Merry Christmas from our family to yours!
Last week, on his lunch break, my brother-in-law Mike “whipped up” this little rendition of the Christmas story and songs for all the Mahaney grandchildren. The kids loved it, so I asked him if we could share it with your kids too. Enjoy!
UPDATE: After some technical difficulties due to high traffic volume, we’ve embedded the song below. Or you can download here. Listen away!
“And the angel said unto them, Fear not: for, behold, I bring you good tidings of great joy, which shall be to all people. For unto you is born this day in the city of David a Saviour, which is Christ the Lord. And this shall be a sign unto you; Ye shall find the babe wrapped in swaddling clothes, lying in a manger.” Luke 2:10-12
“The joy which this first gospel preacher spoke of was no mean one, for he said, ‘I bring you good tidings’—that alone were joy: and not good tidings of joy only, but good tidings of great joy.’ Every word is emphatic, as if to show that the gospel is above all things intended to promote, and will most abundantly create the greatest possible joy in the human heart wherever it is received.
Rejoice, ye who feel that ye are lost; your Saviour comes to seek and save you. Be of good cheer ye who are in prison, for be comes to set you free. Ye who are famished and ready to die, rejoice that he has consecrated for you a Bethlehem, a house of bread, and he has come to be the bread of life to your souls. Rejoice, O sinners, everywhere for the restorer of the castaways, the Saviour of the fallen is born. Join in the joy, ye saints, for he is the preserver of the saved ones, delivering them from innumerable perils, and he is the sure prefecter of such as he preserves. Jesus is no partial Saviour, beginning a work and not concluding it; but, restoring and upholding, he also perfects and presents the saved ones without spot or wrinkle, or any such thing before his Father’s throne. Rejoice aloud all ye people, let your hills and valleys ring with joy, for a Saviour who is mighty to save is born among you.”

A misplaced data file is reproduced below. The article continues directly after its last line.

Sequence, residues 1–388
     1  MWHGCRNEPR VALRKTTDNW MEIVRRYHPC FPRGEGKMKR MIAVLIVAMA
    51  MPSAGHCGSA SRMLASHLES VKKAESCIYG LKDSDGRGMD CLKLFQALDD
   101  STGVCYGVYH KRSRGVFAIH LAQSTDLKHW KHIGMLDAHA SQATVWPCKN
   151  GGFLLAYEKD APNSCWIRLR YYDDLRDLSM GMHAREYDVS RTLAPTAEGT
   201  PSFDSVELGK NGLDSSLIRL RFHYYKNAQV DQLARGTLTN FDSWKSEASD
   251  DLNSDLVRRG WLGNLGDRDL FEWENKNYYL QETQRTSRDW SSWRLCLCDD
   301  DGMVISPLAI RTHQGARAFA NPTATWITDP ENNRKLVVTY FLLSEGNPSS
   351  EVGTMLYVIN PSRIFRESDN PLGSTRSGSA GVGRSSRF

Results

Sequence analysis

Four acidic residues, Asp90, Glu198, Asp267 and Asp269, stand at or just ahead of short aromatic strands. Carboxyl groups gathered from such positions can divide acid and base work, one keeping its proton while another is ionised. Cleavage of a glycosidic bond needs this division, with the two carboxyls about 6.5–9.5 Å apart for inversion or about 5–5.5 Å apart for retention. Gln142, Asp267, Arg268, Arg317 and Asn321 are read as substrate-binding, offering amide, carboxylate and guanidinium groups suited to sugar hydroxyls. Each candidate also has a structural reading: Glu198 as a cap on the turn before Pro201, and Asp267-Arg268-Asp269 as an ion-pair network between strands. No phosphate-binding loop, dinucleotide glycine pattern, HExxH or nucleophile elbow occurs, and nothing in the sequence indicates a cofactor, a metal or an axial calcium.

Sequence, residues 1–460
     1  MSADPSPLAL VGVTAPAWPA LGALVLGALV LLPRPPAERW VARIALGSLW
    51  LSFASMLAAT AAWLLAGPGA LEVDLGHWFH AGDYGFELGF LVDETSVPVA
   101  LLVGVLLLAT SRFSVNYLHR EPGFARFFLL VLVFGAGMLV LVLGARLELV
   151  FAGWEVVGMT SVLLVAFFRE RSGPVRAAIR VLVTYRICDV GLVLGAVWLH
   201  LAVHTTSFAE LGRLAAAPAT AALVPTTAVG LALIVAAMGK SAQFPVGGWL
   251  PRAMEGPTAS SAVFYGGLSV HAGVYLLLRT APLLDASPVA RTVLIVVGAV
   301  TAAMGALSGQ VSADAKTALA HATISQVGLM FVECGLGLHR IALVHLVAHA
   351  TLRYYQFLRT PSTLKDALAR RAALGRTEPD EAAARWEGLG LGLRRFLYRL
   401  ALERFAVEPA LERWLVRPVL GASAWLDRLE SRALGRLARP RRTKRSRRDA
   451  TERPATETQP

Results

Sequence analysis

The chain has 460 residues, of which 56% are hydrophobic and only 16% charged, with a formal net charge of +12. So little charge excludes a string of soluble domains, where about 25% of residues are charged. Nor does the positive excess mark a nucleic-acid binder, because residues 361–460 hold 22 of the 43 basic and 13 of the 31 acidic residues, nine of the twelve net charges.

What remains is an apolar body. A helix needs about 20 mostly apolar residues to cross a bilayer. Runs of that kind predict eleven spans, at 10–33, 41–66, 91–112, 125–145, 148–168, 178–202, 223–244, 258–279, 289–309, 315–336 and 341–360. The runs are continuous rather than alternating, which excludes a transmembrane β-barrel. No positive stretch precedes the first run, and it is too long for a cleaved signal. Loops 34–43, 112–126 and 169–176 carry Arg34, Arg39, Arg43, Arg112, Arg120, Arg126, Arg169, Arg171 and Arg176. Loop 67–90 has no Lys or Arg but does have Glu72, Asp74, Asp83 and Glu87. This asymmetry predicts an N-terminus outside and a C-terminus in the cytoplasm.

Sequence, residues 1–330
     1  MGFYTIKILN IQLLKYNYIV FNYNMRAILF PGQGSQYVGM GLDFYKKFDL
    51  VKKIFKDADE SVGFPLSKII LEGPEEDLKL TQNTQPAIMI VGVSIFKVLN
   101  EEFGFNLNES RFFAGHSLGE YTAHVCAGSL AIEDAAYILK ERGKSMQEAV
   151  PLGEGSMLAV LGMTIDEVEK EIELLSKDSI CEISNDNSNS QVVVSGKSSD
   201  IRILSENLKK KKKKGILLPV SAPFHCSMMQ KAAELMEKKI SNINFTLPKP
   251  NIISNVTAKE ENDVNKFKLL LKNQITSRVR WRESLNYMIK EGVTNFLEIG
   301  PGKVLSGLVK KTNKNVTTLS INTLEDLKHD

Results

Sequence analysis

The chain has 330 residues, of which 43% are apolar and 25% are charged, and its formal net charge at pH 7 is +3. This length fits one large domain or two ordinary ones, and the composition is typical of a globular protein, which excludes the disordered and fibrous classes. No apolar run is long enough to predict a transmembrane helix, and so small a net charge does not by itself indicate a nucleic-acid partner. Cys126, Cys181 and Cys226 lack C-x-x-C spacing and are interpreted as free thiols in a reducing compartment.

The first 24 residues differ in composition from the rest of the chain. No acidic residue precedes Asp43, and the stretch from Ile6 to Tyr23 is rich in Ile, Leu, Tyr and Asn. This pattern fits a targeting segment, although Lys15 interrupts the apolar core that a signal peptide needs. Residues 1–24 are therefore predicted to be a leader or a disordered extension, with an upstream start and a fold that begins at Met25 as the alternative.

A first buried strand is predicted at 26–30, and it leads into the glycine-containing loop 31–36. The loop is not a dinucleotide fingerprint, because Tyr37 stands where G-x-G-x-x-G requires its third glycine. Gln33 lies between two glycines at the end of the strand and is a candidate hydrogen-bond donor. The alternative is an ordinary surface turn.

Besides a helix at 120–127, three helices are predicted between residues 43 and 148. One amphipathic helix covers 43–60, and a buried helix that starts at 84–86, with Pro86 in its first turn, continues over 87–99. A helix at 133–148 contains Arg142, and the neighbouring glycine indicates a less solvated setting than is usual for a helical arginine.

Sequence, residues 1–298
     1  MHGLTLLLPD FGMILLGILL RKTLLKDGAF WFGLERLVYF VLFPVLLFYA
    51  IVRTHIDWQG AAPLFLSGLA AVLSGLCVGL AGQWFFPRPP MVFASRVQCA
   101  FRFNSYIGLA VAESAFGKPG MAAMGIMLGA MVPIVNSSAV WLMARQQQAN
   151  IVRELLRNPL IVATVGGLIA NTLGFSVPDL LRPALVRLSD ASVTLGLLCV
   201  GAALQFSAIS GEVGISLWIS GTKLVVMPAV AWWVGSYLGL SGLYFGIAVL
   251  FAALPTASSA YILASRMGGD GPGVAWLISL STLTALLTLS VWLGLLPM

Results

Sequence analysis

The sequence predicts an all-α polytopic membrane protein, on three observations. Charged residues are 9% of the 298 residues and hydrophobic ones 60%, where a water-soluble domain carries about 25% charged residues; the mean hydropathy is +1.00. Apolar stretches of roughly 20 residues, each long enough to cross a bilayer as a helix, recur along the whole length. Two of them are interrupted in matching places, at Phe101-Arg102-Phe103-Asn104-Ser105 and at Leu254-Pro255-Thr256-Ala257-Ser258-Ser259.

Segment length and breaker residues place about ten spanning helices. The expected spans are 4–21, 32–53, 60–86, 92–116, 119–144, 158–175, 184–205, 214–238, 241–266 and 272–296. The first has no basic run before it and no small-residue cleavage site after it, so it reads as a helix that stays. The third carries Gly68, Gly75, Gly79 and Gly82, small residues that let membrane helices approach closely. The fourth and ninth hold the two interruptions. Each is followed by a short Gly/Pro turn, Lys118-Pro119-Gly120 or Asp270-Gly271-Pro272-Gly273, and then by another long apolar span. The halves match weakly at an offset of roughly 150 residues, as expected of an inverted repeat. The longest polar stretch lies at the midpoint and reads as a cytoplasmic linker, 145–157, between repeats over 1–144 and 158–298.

—Charles Spurgeon (emphasis mine)
Kevin DeYoung has written a short biography of the real Santa Claus. Part one (of two) is up today.
In his post, Disturbing Christmas, my dad explains why Christmas should disturb us before it should comfort us.
And Dad also has a wonderful gift idea for everyone on our list—and it’s free.
We can all learn from the godly character of Mary, mother of Jesus, in this article by Nancy Wilson.
In a transcript of an old radio broadcast, Elisabeth Elliot draws spiritual truth from the Christmas Carol, “O Little Town of Bethlehem.”
You can’t beat a good book paired with a hot drink this time of year. And I have a pretty sweet recommendation for both. For a little Christmas reading that will remind you of the significance of this holiday, look no further than chapter five, “God Incarnate” in Knowing God by J.I. Packer. This book is a “must read” that should be ordered today if it doesn’t already have a home on your shelf. I’ll just give you sneak peak to hold you over until you get to enjoy the full experience:
“It is here, in the thing that happened at the first Christmas, that the profoundest and most unfathomable depths of the Christian revelation lie. ‘The Word became flesh’ (Jn. 1:14); God became man; the divine Son became a Jew; the Almighty appeared on earth as a helpless human baby, unable to do more than lie and stare and wriggle and make noises, needing to be fed and changed and taught to talk like any other child. And there was no illusion or deception in this: the babyhood of the Son of God was a reality. The more you think about it, the more staggering it gets. Nothing in fiction is so fantastic as is this truth of the Incarnation….The Christmas message is that there is hope for a ruined humanity—hope of pardon, hope of peace with God, hope of glory—because at the Father’s will Jesus Christ became poor and was born in a stable so that thirty years later he might hang on a cross. It is the most wonderful message that the world has ever heard, or will hear” (p. 53, 63)
Now the only thing to make your reading of this chapter any sweeter is to have a cup of homemade hot chocolate in hand. My mom has been making hot chocolate for years and it is a family favorite. Oh and did I mention that it is super easy to make? Here are the directions:
Combine one 11-ounce jar of non-dairy creamer, an 8 quart size box of dry milk (will make 8 quarts when mixed with water), 1 pound of Nestle’s Quik and ½ a box of powdered sugar. Mix it all together and use 4 to 5 heaping teaspoons per cup of hot water. I like to top mine off with a huge scoop of cool whip, but marshmallows are also allowed.
Merry almost Christmas, everyone! We’ll catch ya again tomorrow.
—from the archives